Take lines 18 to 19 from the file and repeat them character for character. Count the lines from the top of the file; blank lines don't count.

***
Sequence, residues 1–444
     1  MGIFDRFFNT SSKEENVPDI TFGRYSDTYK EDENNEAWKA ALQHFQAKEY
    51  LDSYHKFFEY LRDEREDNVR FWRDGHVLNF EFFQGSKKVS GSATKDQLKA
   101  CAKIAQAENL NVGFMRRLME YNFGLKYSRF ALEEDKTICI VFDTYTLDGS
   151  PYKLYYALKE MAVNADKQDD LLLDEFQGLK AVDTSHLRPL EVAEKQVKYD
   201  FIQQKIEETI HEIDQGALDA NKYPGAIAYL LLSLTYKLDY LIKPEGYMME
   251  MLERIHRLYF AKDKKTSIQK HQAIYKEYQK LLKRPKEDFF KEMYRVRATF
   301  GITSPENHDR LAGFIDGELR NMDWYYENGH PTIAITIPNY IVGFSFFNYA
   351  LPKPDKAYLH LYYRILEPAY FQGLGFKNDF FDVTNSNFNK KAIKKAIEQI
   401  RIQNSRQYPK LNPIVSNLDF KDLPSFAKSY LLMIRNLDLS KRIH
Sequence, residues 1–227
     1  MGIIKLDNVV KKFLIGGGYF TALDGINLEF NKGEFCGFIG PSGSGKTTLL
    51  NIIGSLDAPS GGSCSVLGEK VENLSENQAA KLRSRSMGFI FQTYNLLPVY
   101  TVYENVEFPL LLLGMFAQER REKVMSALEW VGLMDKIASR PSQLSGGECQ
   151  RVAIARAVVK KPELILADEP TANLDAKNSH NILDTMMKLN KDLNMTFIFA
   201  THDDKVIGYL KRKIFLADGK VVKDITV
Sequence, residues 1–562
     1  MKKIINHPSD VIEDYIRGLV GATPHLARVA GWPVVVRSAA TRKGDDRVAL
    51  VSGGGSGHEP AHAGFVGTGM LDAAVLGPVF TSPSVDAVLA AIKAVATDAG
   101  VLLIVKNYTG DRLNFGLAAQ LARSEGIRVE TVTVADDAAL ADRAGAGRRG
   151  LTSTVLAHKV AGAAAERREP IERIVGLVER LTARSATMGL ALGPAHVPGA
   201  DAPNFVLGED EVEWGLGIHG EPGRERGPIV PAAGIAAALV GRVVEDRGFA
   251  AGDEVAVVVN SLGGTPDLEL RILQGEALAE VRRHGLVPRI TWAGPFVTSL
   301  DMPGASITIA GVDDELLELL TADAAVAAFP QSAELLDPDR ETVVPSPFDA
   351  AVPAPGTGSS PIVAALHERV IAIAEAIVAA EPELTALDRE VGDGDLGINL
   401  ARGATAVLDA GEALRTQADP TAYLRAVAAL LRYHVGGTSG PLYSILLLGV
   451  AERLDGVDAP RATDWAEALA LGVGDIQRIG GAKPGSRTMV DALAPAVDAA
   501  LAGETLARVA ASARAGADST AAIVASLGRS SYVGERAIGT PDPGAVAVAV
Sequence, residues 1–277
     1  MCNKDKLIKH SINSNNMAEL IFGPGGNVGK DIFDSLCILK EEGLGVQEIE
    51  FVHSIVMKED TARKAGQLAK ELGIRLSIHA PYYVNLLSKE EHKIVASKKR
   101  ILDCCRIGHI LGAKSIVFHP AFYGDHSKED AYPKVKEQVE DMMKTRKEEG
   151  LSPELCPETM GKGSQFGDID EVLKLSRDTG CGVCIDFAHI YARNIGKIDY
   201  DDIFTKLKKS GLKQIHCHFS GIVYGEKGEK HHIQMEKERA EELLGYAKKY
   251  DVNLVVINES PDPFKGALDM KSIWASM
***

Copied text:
     1  MKKIINHPSD VIEDYIRGLV GATPHLARVA GWPVVVRSAA TRKGDDRVAL
    51  VSGGGSGHEP AHAGFVGTGM LDAAVLGPVF TSPSVDAVLA AIKAVATDAG